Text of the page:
Perfume / LEVEL3 / October 02, 2013
It’s easy to think Yasutaka Nakata has lost his mind: his recent work with Harajuku fashionista Kyary Pamyu Pamyu is filled with the type of nightmare-tropes-made hip that give his particular brand of electropop a boost of the unwanted grotesque. It appears he’s honing his technique on subject matter (ninjas, fashion monsters, bonbons, eyelashes, onomatopoeia) set to the kind of stuff you’d hear at library story time, but remixed by a producer whose gift lies in empathizing with, rather than mocking, teenage girls. One would almost think he wishes he could be one. While the work he does for Kyary is an acquired taste, Perfume is still a standard, one of the few constants in Nakata’s career. Fans of Perfume have grown up alongside the trio, past their sweet donuts phase, through a one room disco, and now, in their most mature work to date, LEVEL3.
Visibly, Nocchi, Kashiyuka, and A~chan have surpassed their peers. They’ve developed a stage persona and personal aesthetic that is instantly recognizable and forever classic. Fans have come to rely on their sense of wonder, excitement, and gratitude alongside their trademark fashion silhouettes and immutable hairstyles. But to forget that all their hard work wouldn’t be possible without Yasutaka Nakata is to gravely mistake the power of great PR over the power of prodigy: the undeniably brilliant songs that Nakata pumps out at a rate Joyce Carol Oates would be proud of, and rarely hitting stumbling blocks that can’t be turned into stepping stones. These are Nakata’s best trademarks: synths, auto tune, whimsy, pretty females with airy vocals, and making the impossible look easy enough to create between naps.
While dance music has always been Nakata’s primary sound, it’s mostly hovered in capsule’s ouevre, the more experimental work that offers listeners a chance to see what the producer has been playing around with. But the work he’s done everywhere else, namely with Ami Suzuki, MEG, Kyary, and, especially, Perfume, has been solidly rooted in the pop tradition. Verse, chorus, verse, chorus, bridge, etc. and maybe a dance break in the middle has been the modus operandi of Supreme Show, GAME, BEAM, JPN, and Pamyu Pamyu REVOLUTION. LEVEL3 is a mix of purer dance elements: the repetition of vocal lines, free flowing structure, major key changes throughout, musical elements slowly added, stripped down, and added again.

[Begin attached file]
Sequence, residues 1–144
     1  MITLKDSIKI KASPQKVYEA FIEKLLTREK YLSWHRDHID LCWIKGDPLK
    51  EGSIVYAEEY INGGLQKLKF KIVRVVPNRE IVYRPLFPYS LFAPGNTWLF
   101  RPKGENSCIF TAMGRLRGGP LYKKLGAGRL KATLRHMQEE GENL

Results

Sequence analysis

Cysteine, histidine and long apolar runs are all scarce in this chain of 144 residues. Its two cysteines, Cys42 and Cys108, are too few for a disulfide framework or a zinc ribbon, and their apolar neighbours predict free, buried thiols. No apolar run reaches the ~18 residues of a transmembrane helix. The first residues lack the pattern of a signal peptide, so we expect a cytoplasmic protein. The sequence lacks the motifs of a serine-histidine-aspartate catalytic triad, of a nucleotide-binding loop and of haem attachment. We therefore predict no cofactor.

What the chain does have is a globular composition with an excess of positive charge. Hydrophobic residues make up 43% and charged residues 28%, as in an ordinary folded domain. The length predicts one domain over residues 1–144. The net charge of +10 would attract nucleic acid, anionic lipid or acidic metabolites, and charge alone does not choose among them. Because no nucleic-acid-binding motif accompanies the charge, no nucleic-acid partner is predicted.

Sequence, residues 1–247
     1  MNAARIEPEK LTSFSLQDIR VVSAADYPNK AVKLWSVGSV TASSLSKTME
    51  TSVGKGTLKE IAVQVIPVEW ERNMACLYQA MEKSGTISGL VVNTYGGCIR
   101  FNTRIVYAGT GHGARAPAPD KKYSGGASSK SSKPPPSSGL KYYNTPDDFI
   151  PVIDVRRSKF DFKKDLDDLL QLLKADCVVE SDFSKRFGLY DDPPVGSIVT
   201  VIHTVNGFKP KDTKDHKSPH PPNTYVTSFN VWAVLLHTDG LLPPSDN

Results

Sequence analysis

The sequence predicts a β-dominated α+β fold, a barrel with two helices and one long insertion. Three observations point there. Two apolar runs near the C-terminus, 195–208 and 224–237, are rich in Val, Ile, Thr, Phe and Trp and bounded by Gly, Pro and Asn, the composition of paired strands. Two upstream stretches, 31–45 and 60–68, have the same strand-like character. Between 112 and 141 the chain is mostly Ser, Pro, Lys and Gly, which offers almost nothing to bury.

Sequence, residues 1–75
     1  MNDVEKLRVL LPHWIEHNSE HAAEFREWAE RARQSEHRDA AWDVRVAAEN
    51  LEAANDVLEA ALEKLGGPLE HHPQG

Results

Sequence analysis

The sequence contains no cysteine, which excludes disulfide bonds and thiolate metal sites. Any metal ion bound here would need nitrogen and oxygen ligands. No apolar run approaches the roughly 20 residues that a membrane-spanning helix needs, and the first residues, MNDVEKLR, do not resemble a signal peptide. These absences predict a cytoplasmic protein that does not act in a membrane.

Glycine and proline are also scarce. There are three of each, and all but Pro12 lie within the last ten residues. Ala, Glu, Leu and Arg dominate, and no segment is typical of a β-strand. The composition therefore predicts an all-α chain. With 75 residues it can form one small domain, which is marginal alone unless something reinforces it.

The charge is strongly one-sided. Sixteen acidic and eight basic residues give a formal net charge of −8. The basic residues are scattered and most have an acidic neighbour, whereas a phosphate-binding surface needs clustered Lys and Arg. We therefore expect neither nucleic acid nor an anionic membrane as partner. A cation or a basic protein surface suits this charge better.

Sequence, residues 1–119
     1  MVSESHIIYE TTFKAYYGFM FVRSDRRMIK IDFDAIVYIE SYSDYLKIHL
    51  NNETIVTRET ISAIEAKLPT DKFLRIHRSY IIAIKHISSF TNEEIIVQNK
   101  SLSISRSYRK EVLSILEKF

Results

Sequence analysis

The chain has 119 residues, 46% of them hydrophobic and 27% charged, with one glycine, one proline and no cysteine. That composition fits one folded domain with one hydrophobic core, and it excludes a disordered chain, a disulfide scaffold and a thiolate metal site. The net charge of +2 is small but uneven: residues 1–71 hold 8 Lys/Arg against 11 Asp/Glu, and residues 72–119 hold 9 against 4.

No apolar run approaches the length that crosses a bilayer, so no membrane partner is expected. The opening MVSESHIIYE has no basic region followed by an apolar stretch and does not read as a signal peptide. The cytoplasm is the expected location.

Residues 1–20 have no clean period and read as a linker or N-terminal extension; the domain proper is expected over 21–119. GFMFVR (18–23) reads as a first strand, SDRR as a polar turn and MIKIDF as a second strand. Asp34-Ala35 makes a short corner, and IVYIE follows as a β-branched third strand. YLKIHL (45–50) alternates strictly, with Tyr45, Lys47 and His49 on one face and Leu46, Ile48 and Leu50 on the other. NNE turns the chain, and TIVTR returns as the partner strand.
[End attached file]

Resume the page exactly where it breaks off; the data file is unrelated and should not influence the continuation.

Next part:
These are the hallmarks of LEVEL3, the type of thing “edge” tried to be back in ’08. “PARTY MAKER” is one perfect example with almost four minutes of crescendo before the brilliant, satisfying drop. “Spending all my time (Album-mix)” a second. These album mixes are, no really, new mixes, as if they were lovingly tweaked to flow smoothly into an album that could easily have been made with no track gaps. “Spring of Life (Album-mix)” starts off with the song’s break down, killing suspense to focus on groove and letting the vocal elements coast, while “Magic of Love (Album-mix)” has a whole new synth line. The album also has quiet moments, like the melancholy of “1mm” and “Furikaeru to Iru yo;” more subtle, ever dazzling. A lot of this was probably the influence of the members, who offered input. “We requested like, “We’d like a track that can match the Dome concert where we can build large sets” or “Can we have a song in which we can make various directions, rather than just dancing?” and so on. All of the new songs on this album are very suited with our requests,” said A~chan in a recent interview. I can see the laser lights already.
While it’s difficult not hearing “Hurly Burly” instead of “Mirai no MUSEUM,” LEVEL3 is as close as ever to yet another Nakata classic. Woe to those who have forgotten Perfume has four members, not three.